Ever since sixteen-year-old Alex drank some Pine-Sol at Marty Miller's lake house party, his one time friends have shunned him, his parents have hovered over him, and his seventeen-year-old brother James seems profoundly embarrassed and uncomfortable about the whole thing. Certainly the "incident" has only made James even more eager to get out of Tuscaloosa, Alabama, for Duke University (he hopes) as soon as possible. But when a redemptive, mentoring friendship between Alex and James's friend Nathen turns into something deeper, James has to come to terms with what it means to be brothers. In alternating viewpoint chapters, Miller enters completely and convincingly into the viewpoint of each brother, chronicling their thoughts and feelings with meticulous, non-judgmental care and insight. He manages to make the most ordinary events—an early morning run, a casual conversation with an ex-girlfriend, a party to which one brother is invited and the other excluded—utterly riveting simply by the honesty with which every single moment is observed and recorded. The tone of the narration is quiet, the emotions understated, and yet readers will find themselves gripped, shaken, and transformed. Debut novels do not get much better than this. Reviewer: Claudia Mills, Ph.D.
Bryce Lewis
Teen angst just got a much needed 21st-century perspective in this genuine story of two brothers and their struggle to come together throughout a turbulent school year. James was once close to his younger brother Alex, but things have changed. James, a senior, does not care to be associated with Alex, a loner trying to find his niche. James has his own issues to deal with: picking a college, going to parties, girls, and finding a way to stay sane in small-town Alabama. Alex must overcome his shaky past and the pressure to live up to his big brother's reputation. James and Alex discover the value of family and friendship in this powerful tale of self-acceptance and growing up. James and Alex's perspectives alternate through the chapters. Alex's chapters capture his loneliness and desire for social recognition while James's focus on his insecurities and concern for the future. Reviewer: Bryce Lewis
School Library Journal

Gr 9 Up

Alex and James are only one year apart, but the distance between these brothers is vast. James, a popular and talented senior, awaits news about his early admission to Duke, playing tennis and going to parties with his buddies on the weekends. Alex, a junior, is confused and disoriented after having chugged Pine-Sol at a party, lost all of his friends, and found himself secretly dating Nathen, one of his brother's best pals. The backdrop is Tuscaloosa, AL, where Alex knows his emerging sexual identity will never be accepted, and James fears he will be stuck forever if Duke turns him down. The boys wander their way through the school year fulfilling family obligations, befriending an odd and lonely neighbor boy, and navigating their way back to mutual affection after a period of mild estrangement. Wilson's novel offers a look inside the minds of both brothers, allowing readers to experience their parents, their school, and their town from two distinct points of view, confident and fearful, indifferent and melancholy, impatient and reflective. Some readers may feel that the book has a bit of a slow start, with some of the relationships only beginning to develop after page 100. They may come away wishing to have gotten to know the central characters more deeply, although the relationship between Alex and Nathen is touchingly realistic. In the end, this book may appeal to teens who are grappling with decisions about the future, the frustrations of family, and the choices that relationships require of us.-Nora G. Murphy, Los Angeles Academy Middle School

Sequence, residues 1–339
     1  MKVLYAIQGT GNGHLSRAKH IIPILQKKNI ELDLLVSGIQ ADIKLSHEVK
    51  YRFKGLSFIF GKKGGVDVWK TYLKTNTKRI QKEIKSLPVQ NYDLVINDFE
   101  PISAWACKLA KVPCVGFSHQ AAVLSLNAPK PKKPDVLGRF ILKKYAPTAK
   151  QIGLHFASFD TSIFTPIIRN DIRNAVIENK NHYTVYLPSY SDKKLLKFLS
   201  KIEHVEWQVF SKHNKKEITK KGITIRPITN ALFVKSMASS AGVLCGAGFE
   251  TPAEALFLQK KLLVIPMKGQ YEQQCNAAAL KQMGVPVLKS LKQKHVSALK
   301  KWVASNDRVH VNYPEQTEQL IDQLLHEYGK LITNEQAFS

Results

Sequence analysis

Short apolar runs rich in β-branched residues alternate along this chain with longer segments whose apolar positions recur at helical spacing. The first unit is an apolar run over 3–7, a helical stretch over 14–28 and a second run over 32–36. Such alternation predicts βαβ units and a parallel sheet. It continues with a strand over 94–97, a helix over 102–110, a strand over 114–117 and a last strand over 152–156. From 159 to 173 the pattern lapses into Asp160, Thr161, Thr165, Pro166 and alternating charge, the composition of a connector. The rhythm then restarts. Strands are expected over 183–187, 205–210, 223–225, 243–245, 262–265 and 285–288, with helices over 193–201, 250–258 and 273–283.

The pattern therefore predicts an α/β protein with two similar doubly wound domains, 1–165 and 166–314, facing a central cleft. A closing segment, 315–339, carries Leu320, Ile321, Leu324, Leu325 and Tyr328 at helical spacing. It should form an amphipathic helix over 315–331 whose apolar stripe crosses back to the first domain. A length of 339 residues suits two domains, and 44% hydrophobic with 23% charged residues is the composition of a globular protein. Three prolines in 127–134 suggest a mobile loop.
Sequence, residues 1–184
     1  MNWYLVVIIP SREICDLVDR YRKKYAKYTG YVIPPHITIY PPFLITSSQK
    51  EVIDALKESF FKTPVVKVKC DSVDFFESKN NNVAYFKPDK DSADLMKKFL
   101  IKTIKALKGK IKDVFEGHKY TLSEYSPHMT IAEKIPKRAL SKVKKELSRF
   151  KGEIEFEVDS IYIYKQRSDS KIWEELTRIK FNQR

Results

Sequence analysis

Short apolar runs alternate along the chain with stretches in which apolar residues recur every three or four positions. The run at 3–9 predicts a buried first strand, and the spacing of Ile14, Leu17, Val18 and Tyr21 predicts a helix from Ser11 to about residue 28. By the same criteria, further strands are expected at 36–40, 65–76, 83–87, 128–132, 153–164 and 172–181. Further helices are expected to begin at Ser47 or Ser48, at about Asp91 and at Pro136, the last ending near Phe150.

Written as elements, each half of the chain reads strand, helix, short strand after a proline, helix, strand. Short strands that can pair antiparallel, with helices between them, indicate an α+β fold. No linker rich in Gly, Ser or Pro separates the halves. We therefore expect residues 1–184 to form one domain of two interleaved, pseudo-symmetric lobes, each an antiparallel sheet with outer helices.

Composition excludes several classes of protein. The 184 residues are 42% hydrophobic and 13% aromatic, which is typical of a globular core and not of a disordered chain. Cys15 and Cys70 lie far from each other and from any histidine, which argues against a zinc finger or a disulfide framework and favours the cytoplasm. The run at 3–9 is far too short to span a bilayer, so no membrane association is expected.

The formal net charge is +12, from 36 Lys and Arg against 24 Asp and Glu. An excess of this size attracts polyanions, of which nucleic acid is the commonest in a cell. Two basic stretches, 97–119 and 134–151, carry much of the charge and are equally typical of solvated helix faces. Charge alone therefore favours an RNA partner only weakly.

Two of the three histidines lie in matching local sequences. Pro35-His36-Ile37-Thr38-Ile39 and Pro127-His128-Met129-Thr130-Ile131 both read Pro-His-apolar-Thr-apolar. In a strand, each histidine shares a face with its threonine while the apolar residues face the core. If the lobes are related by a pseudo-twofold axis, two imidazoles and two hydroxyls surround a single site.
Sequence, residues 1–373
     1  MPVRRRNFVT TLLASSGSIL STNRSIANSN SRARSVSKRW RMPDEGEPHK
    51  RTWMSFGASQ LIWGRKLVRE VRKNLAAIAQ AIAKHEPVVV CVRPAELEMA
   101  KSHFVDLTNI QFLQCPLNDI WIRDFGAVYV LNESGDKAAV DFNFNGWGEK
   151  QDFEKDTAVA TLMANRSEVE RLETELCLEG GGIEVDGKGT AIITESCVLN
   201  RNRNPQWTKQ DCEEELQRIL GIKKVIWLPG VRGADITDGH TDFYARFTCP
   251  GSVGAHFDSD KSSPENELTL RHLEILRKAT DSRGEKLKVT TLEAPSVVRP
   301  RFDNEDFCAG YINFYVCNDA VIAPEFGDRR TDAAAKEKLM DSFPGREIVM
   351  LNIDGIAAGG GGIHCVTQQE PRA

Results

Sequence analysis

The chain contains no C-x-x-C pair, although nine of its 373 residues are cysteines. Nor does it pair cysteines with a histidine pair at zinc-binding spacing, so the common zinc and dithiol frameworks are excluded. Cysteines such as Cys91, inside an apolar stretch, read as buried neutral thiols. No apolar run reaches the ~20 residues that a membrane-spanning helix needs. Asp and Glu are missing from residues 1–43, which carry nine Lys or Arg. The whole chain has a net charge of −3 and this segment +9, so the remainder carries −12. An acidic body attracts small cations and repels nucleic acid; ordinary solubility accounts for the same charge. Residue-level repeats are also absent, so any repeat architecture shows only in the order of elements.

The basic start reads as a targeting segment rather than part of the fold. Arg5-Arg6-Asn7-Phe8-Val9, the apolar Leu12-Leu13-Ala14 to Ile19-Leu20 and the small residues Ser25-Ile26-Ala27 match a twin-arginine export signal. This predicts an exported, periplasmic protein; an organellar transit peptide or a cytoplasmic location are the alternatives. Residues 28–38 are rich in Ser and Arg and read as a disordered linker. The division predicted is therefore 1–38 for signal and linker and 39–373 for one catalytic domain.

Kirkus Reviews
When this tender coming-of-age novel opens, Alex, a junior in high school, is profoundly alone. Ever since he swallowed Pine-Sol at a party, he's been considered an outcast, a loser, a freak. In contrast, his brother James is an athlete, a strong student and a charter member of the senior-class in-crowd. Yet underneath his one-of-the-guys persona, James also feels alone, constrained by the limited social scene of his Tuscaloosa high school, and ready to move on to the larger world of college. The brothers, once close, are awkward and uncomfortable with each other now, and how they begin the tenuous business of reconnecting is the stuff and substance of this somewhat overlong but nonetheless satisfying story. The main catalyst for their renewed rapport is James's friend Nathen, lamentably portrayed as a cardboard paragon of perfection, who encourages Alex to join the cross-country team and later develops other, more personal feelings for him as well. Smoothly written and psychologically astute, this story eloquently charts the cross-currents between social status, loyalty and brotherly love. (Fiction. 14 & up)
From the Publisher
“Martin Wilson’s What They Always Tell Us hears the voices of the young as they struggle toward adulthood. . . .”
—Richard Peck, Newbery Award–winning author

“In his beautifully realized first novel, Martin Wilson demonstrates a wonderful gift for finding the truth in human caring and for creating memorably multidimensional and engagingly sympathetic characters whom readers will welcome into their hearts.”
—Michael Cart, former president of the ALA’s Young Adult Library Services Association and the Assembly on Literature for Adolescents

Starred Review, Publishers Weekly, July 28, 2008:
“Insightfully evoked, Alex, James and their friends will leave a lasting impression on readers.”

Starred Review, Booklist, November 15, 2008:
“This is a strong debut, and Wilson shows admirable control of a complicated story that in less-accomplished hands could have spun out of control.”

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Product Details

ISBN-13:
9780375848926
Publisher:
Random House Children's Books
Publication date:
08/12/2008
Sold by:
Random House
Format:
NOOK Book
Sales rank:
156,957
File size:
0 MB
Age Range:
14 Years